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Saturday, March 10, 2012

#164 Takahē

Porphyrio hochstetteri
IUCN Redlist: Endangered
Location: Tiritiri Matangi Island, New Zealand
Time: 1200 NZDT March 9, 2012

The takahe are without doubt the stars of Tiritiri Matangi. They are also famous for having returned from (presumed) extinction after 50 years of absence. Takahe are the largest living rail, and are flightless. They evolved from pukeko, or a pukeko-like ancestor, which presumably flew to New Zealand from Australia. Another species, the North Island Takahe, or Moho, may have survived until the late 19th Century, but is only known from subfossil remains. The takahe, moho and pukeko all represent independent colonisation events.

Reappearing Act

Takahe formerly ranged across the South Island, but after European settlement were known from only 4 specimens, collected in 1849, 1851, 1879 and 1898. After the turn of the century takahe were presumed to be extinct. Geoffrey Orbell, however, believed that the takahe survived somewhere in the depths of Fiordland, and spent a lot of time searching for it. In 1948 he was searching among the mountains on the western side of Lake Te Anau, and found a set of unfamiliar footprints. Following them, he rediscovered the takahe on the 20th of November, 50 years after the last specimen was collected.

The takahe had been squeezed by introduced species into a refuge high in the Murchison Mountains. Mainly eating the tender base of tussock grasses, takahe were facing competition from deer, as well as predation by species like stoats. Soon after their rediscovery their habitat in the Murchison Mountains was set aside as the Takahe Special Area, and efforts at captive breeding began in 1957, but their population continued to decline, reaching a nadir of 118 animals in 1981. The effort to protect takahe was intensified, including control of pest species, captive breeding and introduction to predator-free sanctuaries. Today takahe live in two areas in Fiordland, four islands, the Burwood Bush Captive Rearing Unit, and Maungatautari Ecological Island (a fenced, predator-free sanctuary). A few individuals used for outreach and advocacy are also kept at the Mt. Bruce and Te Anau Wildlife Centres, as well as at Zealandia Sanctuary in Wellington.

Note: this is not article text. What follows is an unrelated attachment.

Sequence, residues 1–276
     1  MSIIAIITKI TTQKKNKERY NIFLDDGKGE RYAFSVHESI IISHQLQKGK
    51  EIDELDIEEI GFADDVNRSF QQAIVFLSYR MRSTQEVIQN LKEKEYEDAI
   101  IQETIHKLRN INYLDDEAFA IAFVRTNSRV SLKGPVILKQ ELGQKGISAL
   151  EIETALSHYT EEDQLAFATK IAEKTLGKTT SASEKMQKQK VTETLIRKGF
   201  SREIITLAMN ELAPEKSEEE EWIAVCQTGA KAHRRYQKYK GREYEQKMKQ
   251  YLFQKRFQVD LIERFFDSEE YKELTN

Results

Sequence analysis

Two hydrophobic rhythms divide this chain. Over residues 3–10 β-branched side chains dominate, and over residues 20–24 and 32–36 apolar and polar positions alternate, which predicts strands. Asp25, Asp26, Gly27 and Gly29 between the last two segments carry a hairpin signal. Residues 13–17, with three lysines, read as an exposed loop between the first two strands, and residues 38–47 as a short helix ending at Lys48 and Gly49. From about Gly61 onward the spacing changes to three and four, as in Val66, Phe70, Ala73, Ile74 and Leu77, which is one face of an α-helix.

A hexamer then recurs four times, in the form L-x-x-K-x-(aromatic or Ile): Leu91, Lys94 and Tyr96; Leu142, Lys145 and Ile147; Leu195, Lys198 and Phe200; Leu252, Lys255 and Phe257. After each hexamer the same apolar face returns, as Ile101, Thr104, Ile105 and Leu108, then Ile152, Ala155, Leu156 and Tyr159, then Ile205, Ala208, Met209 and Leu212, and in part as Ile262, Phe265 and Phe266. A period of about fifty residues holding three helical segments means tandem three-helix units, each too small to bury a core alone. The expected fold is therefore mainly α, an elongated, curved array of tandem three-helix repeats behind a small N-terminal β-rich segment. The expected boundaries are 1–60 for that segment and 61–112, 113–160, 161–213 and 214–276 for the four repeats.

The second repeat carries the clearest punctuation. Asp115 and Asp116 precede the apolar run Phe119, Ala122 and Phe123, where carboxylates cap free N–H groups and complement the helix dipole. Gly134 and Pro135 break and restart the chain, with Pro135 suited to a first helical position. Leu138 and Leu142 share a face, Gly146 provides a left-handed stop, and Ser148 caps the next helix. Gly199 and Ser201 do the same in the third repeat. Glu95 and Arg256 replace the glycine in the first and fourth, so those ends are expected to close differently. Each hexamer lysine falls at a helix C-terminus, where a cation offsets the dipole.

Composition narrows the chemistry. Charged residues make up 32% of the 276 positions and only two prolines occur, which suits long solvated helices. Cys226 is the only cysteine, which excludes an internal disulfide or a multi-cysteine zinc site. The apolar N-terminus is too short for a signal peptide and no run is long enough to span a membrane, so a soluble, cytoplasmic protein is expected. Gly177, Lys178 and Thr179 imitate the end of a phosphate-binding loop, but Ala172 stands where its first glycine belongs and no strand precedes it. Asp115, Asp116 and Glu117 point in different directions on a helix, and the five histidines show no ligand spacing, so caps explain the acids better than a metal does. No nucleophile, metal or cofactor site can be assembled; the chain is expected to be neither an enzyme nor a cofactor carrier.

Juvenile takahe on Tiritiri Matangi
The total population was estimated at 227 birds in 2008, with 93 in the Murchison Mountains, 91 on islands and 36 at Burwood Bush. In addition takahe sightings are occasionally reported from areas of Fiordland outside the Murchison Mountains, but it is too rugged to attempt to find them all.

Takahe (right) and pukeko (left) feeding on grass near the lighthouse on Tiritiri Matangi
The population on Tiritiri Matangi is about 10 birds, and is believed to be at carrying capacity. The island populations are managed as a single population, with birds moved between islands to maintain genetic diversity. One bird on Tiri, called Greg, has developed a taste for human food, and has become very confident, attempting to take food from people's hands, and stealing from bags. I'm sure there are other examples, but it's not common for such a rare bird to be in a sanctuary that is open to the public like Tiritiri Matangi is, so it always feels like quite a privilege to visit.

Though the takahe, being flightless, might be considered "captive" on Tiritiri Matangi, I'm counting them since they are breeding there - and since all takahe are intensively managed, even the Fiordland populations aren't exactly much different from these ones, you're just not allowed to enter their habitat without a permit.


Wickes, C.; Crouchley, D.; Maxwell, J. 2009: Takahe (Porphyrio hochstetteri) recovery plan 2007–2012. Threatened Species Recovery Plan 61. Department of Conservation, Wellington. 56 p.


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